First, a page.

When the line time or the light producing time of an organic or a polymer LED is over, the operating voltage of the LED is switched to ground or any other reference level. Consequently, the associated capacitance is rapidly discharged, which will produce a large discharge peak current. The resulting voltage ripple causes undesirable signal spikes on the internal nodes within the driver circuit. As a result, uncontrollable substrate currents occur in the driver electronics. Due to capacitive coupling within the display, any remaining voltage ripple on the drivers is also transferred to pixels (LEDs) which are still in the ON-state, i.e. still producing or emitting light. This causes undesirable modulation of the light output.

Therefore, it would be beneficial to provide an improved driving apparatus for small molecule organic and polymer LED arrays, by means of which the problems associated with the uncontrolled discharging of the LEDs can be overcome.

It is an object of the invention to provide a driver that overcomes the problems discussed above, and which can be used at small molecule organic arrays as well as at polymer LED arrays. The invention is defined by the independent claims. The dependent claims define advantageous embodiments.

According to a first aspect of the present invention, there is provided a driver for light emitting devices with an associated capacitance, comprising: a first switch connected to a first terminal of the light emitting device included in a two dimensional array of light emitting devices, the first switch being coupled for allowing discharging of the associated capacitance of the light emitting device upon closing of the first switch, and a current limiting circuit coupled to the first switch and to a reference voltage for discharging the associated capacitance with a limited current.

According to a second aspect of the invention, there is provided a display device comprising the driver and a two-dimensional array of light emitting devices. The device can be a display module. The device can also be a display apparatus comprising the display module mounted in a housing.

The solution according to the invention provides several advantages over the technique used at present. For example, by discharging a light emitting device with a limited discharge current undesirable signal spikes on the internal nodes within the driver circuit are prevented. By virtue thereof, uncontrollable substrate currents occurring in the driver electronics are avoided. Furthermore, undesired modulation of the light output of the light emitting device is suppressed. This is due to the fact that voltage ripple on the drivers is prevented by this discharge with a limited current.

According to the present invention, the current limiting device comprises a first current path. The first current path includes a first discharging circuit having a positive resistance value and being connected to the first switch, the positive resistance value being selected to limit the current during discharging of the associated capacitance. In this case, a long RC time is achieved. The RC time is the discharge time or, in other words, the time elapses from the moment discharging is initiated until the column voltage of the light emitting device has reached a reference level, which can be a ground level. By changing the positive resistance value, the level of the discharge current and the RC time can be modified.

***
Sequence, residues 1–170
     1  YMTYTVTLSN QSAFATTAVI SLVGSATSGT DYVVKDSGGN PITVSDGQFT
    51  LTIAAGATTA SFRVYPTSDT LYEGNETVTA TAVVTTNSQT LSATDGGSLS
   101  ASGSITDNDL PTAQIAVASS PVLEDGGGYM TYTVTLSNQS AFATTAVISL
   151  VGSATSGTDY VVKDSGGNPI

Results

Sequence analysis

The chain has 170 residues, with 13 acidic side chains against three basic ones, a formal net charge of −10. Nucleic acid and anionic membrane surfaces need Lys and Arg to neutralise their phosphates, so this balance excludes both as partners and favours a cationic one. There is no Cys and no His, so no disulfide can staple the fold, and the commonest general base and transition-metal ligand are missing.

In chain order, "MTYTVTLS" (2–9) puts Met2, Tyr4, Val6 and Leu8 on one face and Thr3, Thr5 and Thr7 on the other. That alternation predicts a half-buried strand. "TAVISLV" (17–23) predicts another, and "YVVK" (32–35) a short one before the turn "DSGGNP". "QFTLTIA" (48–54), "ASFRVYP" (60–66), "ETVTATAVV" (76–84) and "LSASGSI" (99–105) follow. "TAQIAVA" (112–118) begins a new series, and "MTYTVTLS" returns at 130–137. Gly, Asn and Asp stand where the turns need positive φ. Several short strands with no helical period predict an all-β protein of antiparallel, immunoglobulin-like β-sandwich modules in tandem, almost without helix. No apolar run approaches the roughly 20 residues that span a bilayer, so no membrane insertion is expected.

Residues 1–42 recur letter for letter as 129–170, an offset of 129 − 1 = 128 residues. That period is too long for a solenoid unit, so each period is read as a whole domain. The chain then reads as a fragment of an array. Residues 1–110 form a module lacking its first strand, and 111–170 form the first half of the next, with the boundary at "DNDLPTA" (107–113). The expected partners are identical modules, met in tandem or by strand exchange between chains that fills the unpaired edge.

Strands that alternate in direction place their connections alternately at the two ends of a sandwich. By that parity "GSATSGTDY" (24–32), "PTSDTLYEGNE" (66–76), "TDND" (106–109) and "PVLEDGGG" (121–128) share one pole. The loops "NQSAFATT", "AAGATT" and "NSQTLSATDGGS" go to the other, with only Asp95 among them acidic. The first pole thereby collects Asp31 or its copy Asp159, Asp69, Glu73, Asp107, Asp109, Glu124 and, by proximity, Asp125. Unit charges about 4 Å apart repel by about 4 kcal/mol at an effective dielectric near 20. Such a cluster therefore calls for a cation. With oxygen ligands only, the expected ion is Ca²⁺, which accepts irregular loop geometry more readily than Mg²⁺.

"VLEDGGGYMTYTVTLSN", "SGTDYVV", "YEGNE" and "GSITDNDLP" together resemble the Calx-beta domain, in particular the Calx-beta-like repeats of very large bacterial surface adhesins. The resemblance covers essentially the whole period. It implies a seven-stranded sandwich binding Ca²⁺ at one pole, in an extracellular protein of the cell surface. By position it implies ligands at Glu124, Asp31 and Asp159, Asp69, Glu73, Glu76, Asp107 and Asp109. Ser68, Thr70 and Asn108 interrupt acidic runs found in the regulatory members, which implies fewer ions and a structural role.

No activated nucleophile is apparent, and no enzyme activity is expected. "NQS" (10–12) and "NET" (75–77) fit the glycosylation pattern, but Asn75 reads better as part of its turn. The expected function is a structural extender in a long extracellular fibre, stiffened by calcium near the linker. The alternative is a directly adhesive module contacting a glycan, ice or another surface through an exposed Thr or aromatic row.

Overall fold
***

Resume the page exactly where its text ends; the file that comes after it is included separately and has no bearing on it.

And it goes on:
In a preferred embodiment of the invention, the first discharge circuit includes a first discharge switch having an internal resistance. Thus, the series resistance of said first discharge switch itself, i.e. the internal resistance, can be adapted to the components of the LED in order to obtain the requested operation of the discharging circuit; for example, the discharge time can be efficiently controlled.

Preferably, said first discharge switch of the first discharge circuit is a field effect transistor.

Alternatively, the first discharge circuit includes a resistor.

According to a preferred embodiment of the present invention, the current limiting circuit comprises a second current path including a second discharge circuit. The second discharge circuit is connected to the first switch and to the light emitting device and includes: a second resistor connected to the first switch and to the light emitting device, and a second discharge switch coupled to the second resistor and to the reference voltage.

Advantageously, the second discharge switch is arranged to be activated after the closing of the first switch. Said second discharge switch is activated after the discharge of the associated capacitance is initiated.

Preferably, the second discharge switch is arranged to be activated when the discharge current has reached a predetermined value, which value is lower than the value of the initial discharge current.